People with symptoms of osteoarthritis [degenerative joint disease] are unlikely to benefit from taking a drug called doxycycline and may even experience unwanted side-effects, new research suggests.
Doxycycline is an antibiotic that is commonly used to treat bacterial infections, including urinary tract infections, pneumonia, Lyme infection, acne and chlamydia.
Previous research had indicated it may also help modify the disease process in people with osteoarthritis, but the latest clinical trial suggests this is not the case.
Researchers at the Radboud University Nijmegen Medical Centre in The Netherlands conducted a randomized controlled trial involving 232 patients, all of whom had been diagnosed with osteoarthritis of the knee.
Some of the participants were given 100mg, twice a day, of doxycycline for 24 weeks, while others received a placebo (dummy treatment).
By the end of the study, the proportion of patients achieving a clinical response to treatment was identical for both groups.
In addition, there was no difference in levels of pain, stiffness, daily functioning or quality of life between those who took doxycycline and those who did not.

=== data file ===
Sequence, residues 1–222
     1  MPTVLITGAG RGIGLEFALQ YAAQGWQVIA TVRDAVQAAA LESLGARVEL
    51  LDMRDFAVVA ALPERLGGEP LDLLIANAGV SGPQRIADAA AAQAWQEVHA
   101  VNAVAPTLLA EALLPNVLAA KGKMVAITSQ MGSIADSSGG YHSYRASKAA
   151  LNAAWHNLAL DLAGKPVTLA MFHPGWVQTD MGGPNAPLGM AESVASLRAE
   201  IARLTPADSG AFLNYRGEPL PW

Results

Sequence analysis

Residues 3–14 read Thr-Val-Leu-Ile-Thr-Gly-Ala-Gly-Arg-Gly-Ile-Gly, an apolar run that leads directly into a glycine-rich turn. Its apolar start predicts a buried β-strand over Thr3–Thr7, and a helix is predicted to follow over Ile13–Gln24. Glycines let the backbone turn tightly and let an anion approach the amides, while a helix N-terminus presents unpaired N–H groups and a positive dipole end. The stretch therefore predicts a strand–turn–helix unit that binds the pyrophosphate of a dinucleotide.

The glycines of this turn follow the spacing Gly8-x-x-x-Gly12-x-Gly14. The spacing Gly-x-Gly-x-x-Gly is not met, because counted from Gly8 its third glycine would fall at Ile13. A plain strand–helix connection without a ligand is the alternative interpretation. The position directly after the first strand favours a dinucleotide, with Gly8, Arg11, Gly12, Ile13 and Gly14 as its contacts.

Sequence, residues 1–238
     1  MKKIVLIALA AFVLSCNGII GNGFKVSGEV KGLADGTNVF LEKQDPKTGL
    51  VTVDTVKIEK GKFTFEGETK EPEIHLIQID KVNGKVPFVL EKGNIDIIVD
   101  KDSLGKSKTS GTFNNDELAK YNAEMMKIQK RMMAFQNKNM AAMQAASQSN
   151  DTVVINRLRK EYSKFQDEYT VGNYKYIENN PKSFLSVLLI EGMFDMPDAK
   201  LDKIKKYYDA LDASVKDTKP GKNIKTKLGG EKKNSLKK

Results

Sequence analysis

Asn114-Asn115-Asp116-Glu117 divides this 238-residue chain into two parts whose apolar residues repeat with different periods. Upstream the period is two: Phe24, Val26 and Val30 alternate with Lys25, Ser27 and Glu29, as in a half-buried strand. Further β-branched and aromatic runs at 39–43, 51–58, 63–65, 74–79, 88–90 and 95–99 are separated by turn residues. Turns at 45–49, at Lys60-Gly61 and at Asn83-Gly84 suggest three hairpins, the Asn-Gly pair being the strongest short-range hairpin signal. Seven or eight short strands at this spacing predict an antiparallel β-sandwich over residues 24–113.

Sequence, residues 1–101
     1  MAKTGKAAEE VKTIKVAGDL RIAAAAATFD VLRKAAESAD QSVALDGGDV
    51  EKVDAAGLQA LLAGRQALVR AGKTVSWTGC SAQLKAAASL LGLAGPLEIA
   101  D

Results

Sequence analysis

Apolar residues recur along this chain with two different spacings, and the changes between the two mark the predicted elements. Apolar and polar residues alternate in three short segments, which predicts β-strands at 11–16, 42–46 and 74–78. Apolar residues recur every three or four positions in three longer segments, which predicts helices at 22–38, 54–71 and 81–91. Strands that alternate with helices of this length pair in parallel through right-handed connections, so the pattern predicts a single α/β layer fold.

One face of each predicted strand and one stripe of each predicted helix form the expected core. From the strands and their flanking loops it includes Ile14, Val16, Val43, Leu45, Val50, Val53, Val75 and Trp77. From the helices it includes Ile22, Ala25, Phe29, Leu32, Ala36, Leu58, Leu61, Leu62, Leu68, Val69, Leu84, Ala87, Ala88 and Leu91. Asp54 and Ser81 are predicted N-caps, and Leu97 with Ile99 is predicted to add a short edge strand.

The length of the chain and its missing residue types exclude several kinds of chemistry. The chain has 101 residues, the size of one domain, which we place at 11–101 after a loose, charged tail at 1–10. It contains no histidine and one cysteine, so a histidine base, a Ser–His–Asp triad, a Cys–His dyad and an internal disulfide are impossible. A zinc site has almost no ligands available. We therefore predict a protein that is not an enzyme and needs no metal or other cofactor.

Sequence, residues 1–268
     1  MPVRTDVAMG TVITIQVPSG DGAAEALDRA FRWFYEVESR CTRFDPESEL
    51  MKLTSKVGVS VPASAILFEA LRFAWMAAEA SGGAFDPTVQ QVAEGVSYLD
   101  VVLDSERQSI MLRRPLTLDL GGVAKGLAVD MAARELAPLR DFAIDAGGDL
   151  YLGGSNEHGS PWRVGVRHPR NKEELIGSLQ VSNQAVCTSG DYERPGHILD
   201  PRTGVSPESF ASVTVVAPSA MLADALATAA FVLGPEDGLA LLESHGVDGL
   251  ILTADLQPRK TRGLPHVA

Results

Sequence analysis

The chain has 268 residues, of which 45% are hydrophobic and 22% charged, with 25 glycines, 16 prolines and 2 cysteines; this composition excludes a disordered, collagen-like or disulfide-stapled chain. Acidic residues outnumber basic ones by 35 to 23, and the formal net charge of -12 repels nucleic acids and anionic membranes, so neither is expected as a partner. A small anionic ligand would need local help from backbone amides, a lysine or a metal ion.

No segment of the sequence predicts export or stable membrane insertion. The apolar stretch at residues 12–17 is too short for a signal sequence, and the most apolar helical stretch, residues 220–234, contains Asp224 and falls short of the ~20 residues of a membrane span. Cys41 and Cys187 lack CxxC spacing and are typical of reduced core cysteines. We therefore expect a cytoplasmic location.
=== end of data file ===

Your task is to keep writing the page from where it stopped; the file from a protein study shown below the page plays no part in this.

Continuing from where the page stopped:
However, patients who received doxycycline had a higher risk of unwanted side-effects.
Publishing their findings in the Annals of the Rheumatic Diseases, the study authors concluded: “Doxycycline is not effective in reducing symptoms in knee osteoarthritis patients over a 24-week study period, but is associated with an increased risk of adverse events.” [See the full text article here http://ard.bmj.com/content/70/7/1191.full.]
“Although a possible structure-modifying effect of doxycycline was previously suggested, this is not accompanied by symptom relief in the short and medium term.”
A spokeswoman for Arthritis Research UK (www.arthritisresearchuk.org) said the use of antibiotics to treat osteoarthritis was controversial, and welcomed the latest study’s findings.
“Weight loss, exercise, physiotherapy and occasional painkillers remain the conventional way of treating osteoarthritis of the knee, while surgery should be considered for severe end-stage disease,” she added.
Source: Arthritis Research UK news release, Jul 21, 2011